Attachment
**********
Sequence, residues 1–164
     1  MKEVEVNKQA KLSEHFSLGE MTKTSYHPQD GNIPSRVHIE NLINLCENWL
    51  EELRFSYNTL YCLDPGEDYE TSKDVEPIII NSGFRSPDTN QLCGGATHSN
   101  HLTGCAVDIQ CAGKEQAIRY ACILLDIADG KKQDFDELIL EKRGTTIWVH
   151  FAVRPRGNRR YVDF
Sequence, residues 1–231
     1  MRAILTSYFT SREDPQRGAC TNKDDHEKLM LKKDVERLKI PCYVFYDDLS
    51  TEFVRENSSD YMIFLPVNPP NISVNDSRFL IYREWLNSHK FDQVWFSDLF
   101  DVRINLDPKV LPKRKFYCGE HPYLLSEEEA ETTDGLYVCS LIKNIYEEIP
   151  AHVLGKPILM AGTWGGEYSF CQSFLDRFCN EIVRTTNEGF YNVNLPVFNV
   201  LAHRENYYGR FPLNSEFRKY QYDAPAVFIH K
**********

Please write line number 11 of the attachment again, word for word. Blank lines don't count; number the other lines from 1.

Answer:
   201  LAHRENYYGR FPLNSEFRKY QYDAPAVFIH K